Julia took a deep breath and gestured to Natalie to come closer. “Tell Simon to make sure the Senator renews his subscription to The Washington Post.”
“Why?”
“Because if you release those pictures, I’ll call Andrew Sampson at the Post. You remember him, don’t you? He wrote an article last year about Simon’s DUI arrest and how the Senator intervened.”
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Natalie shook her head. “I don’t believe you.”
Julia clenched her fists stubbornly. “If you release the pictures, I have nothing to lose. I’ll tell the newspapers that Simon assaulted me, then sent the girl he keeps on the side to blackmail me.”
Natalie’s green eyes grew very wide then narrowed into serpentine slits.
“You wouldn’t,” she breathed.
“Try me.”
Natalie stared in furious surprise before setting her teeth. “People have been walking all over you for years and you’ve done nothing. There’s no way you’re going to call up a reporter and spill your guts.”
Julia lifted her chin, fighting to keep her voice steady. “Maybe I’m tired of being walked over.” She shrugged dramatically. “If you release the pictures, you’ll never work for the Senator’s campaign. You’ll just be part of an embarrassing scandal they’ll sweep under the rug.”
Natalie’s ivory skin flushed a deep, dark red.
Julia took advantage of her silence and continued. “Leave me alone, and I’ll forget about both of you. But I’m never going to lie about what he did to me. I’ve lied to cover for him too many times, and I’m not doing it anymore.”
“You’re just angry that Simon chose me over you,” Natalie spat, her voice becoming louder. “You were this pathetic, weak little girl who didn’t even know how to give a decent blow job!”
In the awkward silence that ensued, Julia realized that the other restaurant patrons had stopped talking. She looked around the room, utterly humiliated, as the townspeople stared. Everyone heard Natalie’s crude revelation, including the Baptist minister’s wife, who sat with her teenaged daughter in a quiet corner drinking tea.
“Not so tough now, are you?” Natalie hissed.
Before Julia could respond, Diane suddenly appeared at the counter. “Natalie, go on home. You can’t come into my restaurant and talk like that.”
Angrily, Natalie withdrew a few steps but not before muttering a few choice curse words. “This isn’t over.”
Julia lifted her chin. “Oh, yes, it is. You’re too smart to jeopardize your future by doing something stupid. Go back to him and leave me alone.”
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Natalie stared daggers at her before turning on her heel and storming out.
“What’s going on?” Tom suddenly appeared behind Julia. “Jules? What’s wrong?”
Before she could respond, Diane told him an extremely sanitized account of what happened.
Tom cursed and put his hand on his daughter’s shoulder. “Are you all right?”
She nodded reluctantly before running to the ladies’ room. She wasn’t sure how she’d ever be able to face the townspeople after what Natalie had shouted. Fighting nausea, she grabbed the top of the vanity for support.
Diane followed Julia into the washroom. She dampened some paper towels with cold water and handed them to her. “I’m sorry, Jules. I should have slapped her upside the head. I can’t believe she’d talk that kind of trash in my place.”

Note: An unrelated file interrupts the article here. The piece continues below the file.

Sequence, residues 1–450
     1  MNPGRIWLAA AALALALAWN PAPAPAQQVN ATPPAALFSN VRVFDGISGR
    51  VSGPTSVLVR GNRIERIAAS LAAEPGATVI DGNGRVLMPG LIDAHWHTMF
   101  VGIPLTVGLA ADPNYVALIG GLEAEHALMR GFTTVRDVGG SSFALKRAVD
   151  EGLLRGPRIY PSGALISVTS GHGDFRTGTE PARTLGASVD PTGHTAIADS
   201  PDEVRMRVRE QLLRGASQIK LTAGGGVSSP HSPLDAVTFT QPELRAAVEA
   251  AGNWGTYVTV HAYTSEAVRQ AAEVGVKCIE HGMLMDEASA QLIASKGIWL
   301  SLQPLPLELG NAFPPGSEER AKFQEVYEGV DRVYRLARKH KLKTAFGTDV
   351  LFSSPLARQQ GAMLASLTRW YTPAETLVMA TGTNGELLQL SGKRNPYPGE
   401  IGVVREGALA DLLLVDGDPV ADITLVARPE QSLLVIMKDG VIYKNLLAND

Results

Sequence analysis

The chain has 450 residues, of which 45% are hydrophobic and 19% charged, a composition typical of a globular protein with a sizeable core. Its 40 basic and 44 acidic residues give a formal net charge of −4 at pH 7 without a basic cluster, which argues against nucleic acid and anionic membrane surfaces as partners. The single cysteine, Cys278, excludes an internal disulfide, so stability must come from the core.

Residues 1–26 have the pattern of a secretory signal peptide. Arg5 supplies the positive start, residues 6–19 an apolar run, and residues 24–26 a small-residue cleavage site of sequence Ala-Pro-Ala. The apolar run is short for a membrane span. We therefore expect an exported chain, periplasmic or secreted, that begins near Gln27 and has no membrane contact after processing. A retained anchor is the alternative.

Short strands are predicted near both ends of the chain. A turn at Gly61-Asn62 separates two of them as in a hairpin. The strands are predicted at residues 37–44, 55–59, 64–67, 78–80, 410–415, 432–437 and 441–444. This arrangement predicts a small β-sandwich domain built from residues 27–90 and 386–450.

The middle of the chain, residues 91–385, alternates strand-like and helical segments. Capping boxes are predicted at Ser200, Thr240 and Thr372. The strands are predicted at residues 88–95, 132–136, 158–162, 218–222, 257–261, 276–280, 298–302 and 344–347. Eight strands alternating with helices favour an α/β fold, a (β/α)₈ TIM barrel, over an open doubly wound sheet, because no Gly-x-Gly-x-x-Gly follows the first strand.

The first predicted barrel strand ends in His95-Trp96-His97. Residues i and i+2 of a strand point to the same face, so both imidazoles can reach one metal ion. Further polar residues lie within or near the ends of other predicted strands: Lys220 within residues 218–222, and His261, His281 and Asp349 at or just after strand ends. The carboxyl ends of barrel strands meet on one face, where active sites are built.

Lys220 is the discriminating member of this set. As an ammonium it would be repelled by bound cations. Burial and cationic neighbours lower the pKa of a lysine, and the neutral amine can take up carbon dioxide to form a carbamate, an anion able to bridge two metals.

Julia was quiet as she slowly wiped her face.
“Honey, nobody heard a thing that girl had to say. It’s noisy out there and everyone is talking about how the Santa Claus over at the mall got drunk on his lunch hour yesterday and tried to make out with one of the elves.”
Julia cringed.
Diane smiled at her sympathetically. “You want me to make you a cup of tea or something?”
Julia shook her head and inhaled deeply as she tried to compose herself.
If any god is out there listening, please give all the people in Kinfolks restaurant amnesia, just concerning the past fifteen minutes.
A short time later she reassumed her place at the counter, next to her father. She kept her head down, refusing to make eye contact with anyone. It was too easy to imagine the entire restaurant whispering her sins and judging her.
“I’m sorry, Dad,” she said in a small voice.
He frowned and asked Diane for a fresh cup of coffee and a jelly doughnut. “What are you sorry about?” His voice was gruff.
Diane served them, patting Julia’s arm sympathetically, and moved to wait on some tables in order to give them some privacy.
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“This is all my fault — Deb, Natalie, the house…” She didn’t want to cry, but somehow the tears welled up and she couldn’t stop them. “I’ve embarrassed you in front of the whole town.”
Tom leaned toward her. “Hey, I don’t want to hear that kind of garbage. You have never embarrassed me. I’m proud of you.” His voice broke slightly and he began coughing. “It was my responsibility to protect you, and I didn’t.”
Julia wiped a tear away. “But now your life is ruined.”
He snorted. “I wasn’t that attached to my life anyway. I’d rather lose the house and Deb than lose you. There’s no contest. None.”
He pushed the jelly doughnut in front of her and waited until she took a bite. “When I met your mother, I was happy. We had a few good years together. But the best day of my life was the day you were born. I always wanted a family. I’m never going to let anything or anyone separate me from my family again. You’ve got my word on that.”
Julia smiled up into her father’s face, and he leaned over and ruffled her hair.
“I’d like to swing by Deb’s place to talk to her about what just happened. She needs to explain to her daughter how to behave in public. Why don’t you phone that boyfriend of yours and ask him to pick you up? I’ll see you at Richard’s house later on.”
Julia agreed and wiped her tears away. She didn’t want Gabriel to see her crying.
“I love you, Dad.”
Tom cleared his throat roughly, without looking at her. “Me too. Now finish your doughnut before Diane starts changing us rent.”